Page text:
In an effort to understand the root causes of medication errors made in hospitals in South Carolina and nationwide, the Pennsylvania Patient Safety Authority spearheaded a study that was published recently. In the study, researchers looked at both common causes of medication errors and ways that hospitals can eliminate these types of mistakes. The study considered medication errors to include giving patients the wrong drug, the wrong dosage or administering drugs to the wrong patient.
Two of the biggest sources of errors the researchers found occurred when medical professionals administered drugs and when drug orders were transcribed or transferred, and these errors made up 43 and 38 percent of mistakes respectively. Some of the most common errors related to administration involved medical professionals not ensuring that they were administering drugs to the correct patient. Instead of using protocols to identify a patient, some workers would rely on the patient or a family member to verify a patient's identity. Giving medication to someone sharing a patient's room was also a fairly common mistake.
Transcription errors occurred mainly due to copying information from the wrong patient's chart, and this includes entering a medication order into an electronic database or a patient's records. Less common sources of errors involved ordering a medication on the wrong chart, such as when a husband and wife shared a room, and mislabeling medications.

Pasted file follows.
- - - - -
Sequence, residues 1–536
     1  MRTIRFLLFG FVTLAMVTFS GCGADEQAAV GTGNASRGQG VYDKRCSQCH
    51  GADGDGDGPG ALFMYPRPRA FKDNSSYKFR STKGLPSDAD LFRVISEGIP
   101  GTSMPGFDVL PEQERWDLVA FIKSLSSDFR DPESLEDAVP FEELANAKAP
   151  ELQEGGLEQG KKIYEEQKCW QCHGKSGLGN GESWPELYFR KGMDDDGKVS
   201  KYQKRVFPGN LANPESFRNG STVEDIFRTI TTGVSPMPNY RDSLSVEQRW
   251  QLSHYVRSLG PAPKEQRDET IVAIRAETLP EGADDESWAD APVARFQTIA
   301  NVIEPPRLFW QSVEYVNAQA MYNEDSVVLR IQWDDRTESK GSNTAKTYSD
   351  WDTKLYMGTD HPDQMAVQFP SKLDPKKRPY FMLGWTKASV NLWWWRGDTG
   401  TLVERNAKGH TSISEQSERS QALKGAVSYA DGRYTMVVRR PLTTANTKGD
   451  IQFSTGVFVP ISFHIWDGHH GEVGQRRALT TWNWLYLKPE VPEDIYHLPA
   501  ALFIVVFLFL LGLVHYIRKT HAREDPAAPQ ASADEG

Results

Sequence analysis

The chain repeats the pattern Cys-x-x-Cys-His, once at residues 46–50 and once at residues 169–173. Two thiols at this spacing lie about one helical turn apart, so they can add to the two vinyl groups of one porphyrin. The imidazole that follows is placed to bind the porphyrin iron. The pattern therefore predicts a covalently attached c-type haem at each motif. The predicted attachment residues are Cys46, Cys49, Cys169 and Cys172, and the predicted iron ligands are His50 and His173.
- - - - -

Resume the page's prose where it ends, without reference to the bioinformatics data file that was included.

If a patient receives the wrong medication, it can have harmful or even deadly consequences. Some medications are extremely dangerous and have risky side effects and should not be administered to someone that does not need them. A lawyer may be able to help someone who has been given the wrong medication understand their legal options and represent them in court if needed.
Source: MedCity News, "Why are medication orders going to the wrong patients? Here are four reasons ", Stephanie Baum, June 07, 2013